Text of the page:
Govt moves to disallow MP's question on Pegasus in Parliament
CPI MP Binoy Viswam says the government is misusing Rajya Sabha rules and taking an alien stand on truth
The Centre sought to disallow in the Rajya Sabha, a question seeking details on whether the government entered into a contract with Israeli cybersecurity firm NSO Group, at the centre of a global controversy over the misuse of its Pegasus spyware to hack phones of journalists, activists and politicians, stating that “the ongoing issue of Pegasus” is subjudice after “several PILs have been filed in the Supreme Court,” according to officials aware of the development and documents reviewed by HT.
The Centre wrote to the Rajya Sabha secretariat earlier this week seeking that a “Provisionally Admitted Question”(PAQ) asked by CPI MP Binoy Viswam scheduled to be answered on August 12 in the upper house, not be allowed.
“I have been informed informally that my question was disallowed but I am yet to get a formal response... the Government is misusing Rajya Sabha rules and taking an alien stand on truth. They must face questions on the issue of the Pegasus,” said Viswam.
In his “Provisionally Admitted Question”(PAQ), reviewed by HT, with the subject ‘Government of India MoU with Foreign Companies,’ Viswam asked: “Will the Minister of External Affairs be pleased to state (a) the number of MoUs Government has entered into with foreign companies, the details sector-wise; (b) whether any of these MoU’s with foreign companies has been in order to curb terror activities through cyber security, the details of the same; and (c) whether Government has entered into a MoU with NSO Group in order to curb terror activities through cyber security across the nation, if so, provide details thereof?”
In the letter sent to the Rajya Sabha secretariat requesting that the question not be allowed, the Centre said: “It would be noted that Part (a) to (c) of PAQ seeks to know about the ongoing issue of Pegasus owned by NSO Group. On this issue, several PILs have been filed in the Supreme Court, making this issue subjudice.”
It added: “According to Rule 47 (xix) of the Rules of Procedure and Conduct of Council of States (Rajya Sabha), dealing with admissibility of questions, an admitted question “shall not ask for information on matter which is under adjudication by a court of law having jurisdiction in any part of India”.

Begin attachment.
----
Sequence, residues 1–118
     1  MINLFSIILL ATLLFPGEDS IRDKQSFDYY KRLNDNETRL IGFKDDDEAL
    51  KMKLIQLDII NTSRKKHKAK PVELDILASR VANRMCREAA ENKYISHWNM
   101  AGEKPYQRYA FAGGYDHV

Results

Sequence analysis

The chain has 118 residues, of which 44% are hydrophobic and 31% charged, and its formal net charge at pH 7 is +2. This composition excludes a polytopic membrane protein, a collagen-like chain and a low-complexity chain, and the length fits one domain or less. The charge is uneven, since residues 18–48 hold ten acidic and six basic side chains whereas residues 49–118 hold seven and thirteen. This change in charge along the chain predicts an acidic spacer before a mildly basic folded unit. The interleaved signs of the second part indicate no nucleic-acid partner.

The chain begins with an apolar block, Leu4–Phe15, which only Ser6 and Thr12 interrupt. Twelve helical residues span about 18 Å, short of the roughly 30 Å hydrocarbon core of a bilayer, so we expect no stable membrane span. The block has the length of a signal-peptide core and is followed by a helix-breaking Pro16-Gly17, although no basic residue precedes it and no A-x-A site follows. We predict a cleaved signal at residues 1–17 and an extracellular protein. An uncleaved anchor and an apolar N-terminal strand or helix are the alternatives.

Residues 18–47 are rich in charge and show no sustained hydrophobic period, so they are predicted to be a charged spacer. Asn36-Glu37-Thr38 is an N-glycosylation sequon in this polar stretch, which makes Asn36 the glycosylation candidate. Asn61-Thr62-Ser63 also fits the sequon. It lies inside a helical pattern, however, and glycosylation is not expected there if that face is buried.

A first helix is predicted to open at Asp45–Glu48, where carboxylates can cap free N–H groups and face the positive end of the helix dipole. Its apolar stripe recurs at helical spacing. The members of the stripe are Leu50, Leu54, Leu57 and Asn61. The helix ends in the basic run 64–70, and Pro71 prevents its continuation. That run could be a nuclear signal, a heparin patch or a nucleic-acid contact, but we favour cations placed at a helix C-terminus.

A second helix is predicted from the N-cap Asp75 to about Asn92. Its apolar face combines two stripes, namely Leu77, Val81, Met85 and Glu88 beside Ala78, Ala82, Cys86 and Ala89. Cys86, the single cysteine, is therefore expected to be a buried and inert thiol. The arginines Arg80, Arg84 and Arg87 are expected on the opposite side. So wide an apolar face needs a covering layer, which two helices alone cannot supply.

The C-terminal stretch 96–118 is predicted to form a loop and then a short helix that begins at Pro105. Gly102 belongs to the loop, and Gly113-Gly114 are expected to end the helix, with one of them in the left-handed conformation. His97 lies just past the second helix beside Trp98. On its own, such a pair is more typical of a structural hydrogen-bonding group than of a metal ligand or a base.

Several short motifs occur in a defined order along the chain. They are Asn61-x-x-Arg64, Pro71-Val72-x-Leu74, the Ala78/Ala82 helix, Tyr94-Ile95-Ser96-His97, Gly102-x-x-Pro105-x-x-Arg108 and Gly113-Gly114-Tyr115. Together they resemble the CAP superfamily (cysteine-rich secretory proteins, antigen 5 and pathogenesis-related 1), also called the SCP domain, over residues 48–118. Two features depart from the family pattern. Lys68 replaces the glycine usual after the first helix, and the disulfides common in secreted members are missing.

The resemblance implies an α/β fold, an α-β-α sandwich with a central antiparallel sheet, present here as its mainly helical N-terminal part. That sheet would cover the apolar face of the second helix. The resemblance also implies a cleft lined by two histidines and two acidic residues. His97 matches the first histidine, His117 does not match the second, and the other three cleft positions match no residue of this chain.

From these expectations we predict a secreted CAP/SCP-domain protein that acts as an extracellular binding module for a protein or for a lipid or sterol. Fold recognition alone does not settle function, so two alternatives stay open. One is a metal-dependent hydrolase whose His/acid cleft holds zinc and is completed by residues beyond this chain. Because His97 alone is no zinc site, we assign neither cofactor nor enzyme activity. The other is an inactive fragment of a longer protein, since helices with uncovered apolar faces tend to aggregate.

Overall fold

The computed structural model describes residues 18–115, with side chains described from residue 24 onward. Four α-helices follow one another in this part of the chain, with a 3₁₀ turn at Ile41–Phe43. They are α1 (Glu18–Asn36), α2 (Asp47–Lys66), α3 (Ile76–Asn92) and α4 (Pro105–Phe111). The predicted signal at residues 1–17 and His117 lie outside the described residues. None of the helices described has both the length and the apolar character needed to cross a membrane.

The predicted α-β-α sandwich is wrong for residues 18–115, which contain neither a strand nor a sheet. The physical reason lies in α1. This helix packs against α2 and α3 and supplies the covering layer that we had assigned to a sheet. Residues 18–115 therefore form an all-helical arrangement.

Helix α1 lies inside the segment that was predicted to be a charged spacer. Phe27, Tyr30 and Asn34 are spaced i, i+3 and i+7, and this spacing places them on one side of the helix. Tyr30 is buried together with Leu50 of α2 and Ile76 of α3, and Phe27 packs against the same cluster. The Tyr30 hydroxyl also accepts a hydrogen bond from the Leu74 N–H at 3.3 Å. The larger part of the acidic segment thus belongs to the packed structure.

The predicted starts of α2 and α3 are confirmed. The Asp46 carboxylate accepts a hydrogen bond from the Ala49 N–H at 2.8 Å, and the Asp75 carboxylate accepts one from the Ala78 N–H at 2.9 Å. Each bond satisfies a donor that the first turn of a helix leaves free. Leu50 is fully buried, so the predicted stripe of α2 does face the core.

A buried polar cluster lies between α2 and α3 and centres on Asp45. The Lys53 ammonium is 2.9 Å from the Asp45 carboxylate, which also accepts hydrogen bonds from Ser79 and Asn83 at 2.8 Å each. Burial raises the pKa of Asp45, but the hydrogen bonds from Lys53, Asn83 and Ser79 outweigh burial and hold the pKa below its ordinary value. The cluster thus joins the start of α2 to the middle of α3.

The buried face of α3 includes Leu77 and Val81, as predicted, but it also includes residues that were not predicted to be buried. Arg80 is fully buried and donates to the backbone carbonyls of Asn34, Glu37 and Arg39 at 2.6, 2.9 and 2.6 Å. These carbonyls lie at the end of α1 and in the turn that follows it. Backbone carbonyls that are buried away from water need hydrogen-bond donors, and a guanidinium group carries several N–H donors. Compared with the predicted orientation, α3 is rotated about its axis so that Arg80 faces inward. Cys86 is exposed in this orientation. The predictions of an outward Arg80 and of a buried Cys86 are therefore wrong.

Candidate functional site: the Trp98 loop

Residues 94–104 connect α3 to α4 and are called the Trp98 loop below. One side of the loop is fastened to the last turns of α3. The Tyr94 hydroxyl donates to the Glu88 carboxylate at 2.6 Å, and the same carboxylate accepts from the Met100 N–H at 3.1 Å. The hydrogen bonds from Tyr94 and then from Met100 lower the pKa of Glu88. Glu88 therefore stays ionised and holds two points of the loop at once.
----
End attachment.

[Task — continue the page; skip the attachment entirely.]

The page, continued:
According to the Rajya Sabha website, the admissibility of notice given by Members in respect of questions in Rajya Sabha is governed by Rules 47-50 of Rules and Procedure and Conduct of Council of States (Rajya Sabha). As per Rule 47 sub section ( xix) the following are the conditions of admissibility of a question: “It shall not ask for information on a matter which is under adjudication by a court of law having jurisdiction in any part of India.”
“It is mentioned in rule 47, sub rule 2 that matters that are subjudice are not admitted in the house,” said RS secretariat media advisor to the chairman AA Rao.
The Pegasus row erupted on July 18 after an international investigative consortium reported that the phones of Indian ministers, politicians, activists, businessmen and journalists were among the 50,000 numbers from around the world that were potentially targeted by the Israeli company NSO Group’s phone hacking software. NSO says its software is sold only to government customers. The Indian government has neither confirmed nor denied that it used Pegasus and has ruled out any illegal surveillance.
PDT Acharya, a former Lok Sabha general secretary said: “There have been occasions when the speaker decided that if the matter is of great public interest, even if it is subjudice, the House can discuss it... there is no external pressure on the house. The house has imposed the restriction on itself and this position has changed over a period of time... ‘subjudice’ as such has lost much of its rigour. The house has been as such liberal and they look at the importance and public interest.” “You cannot mechanically apply the rule to all subjudice matter. If public interest demands there should be discussion in the house.”
“Questions submitted by MPs go through two levels of scrutiny to check that they comply with the rules of Parliament. First, the parliament secretariat makes sure that the questions that MPs are raising conform with the parliamentary guidelines. The ministry answering the question also checks the adherence to rules for the questions...,” said Chakshu Roy, head of Outreach, PRS Legislative Research. “In the budget session, out of the 330,00 questions that MPs submitted, approximately 2,000, that is about 6%, were disallowed.”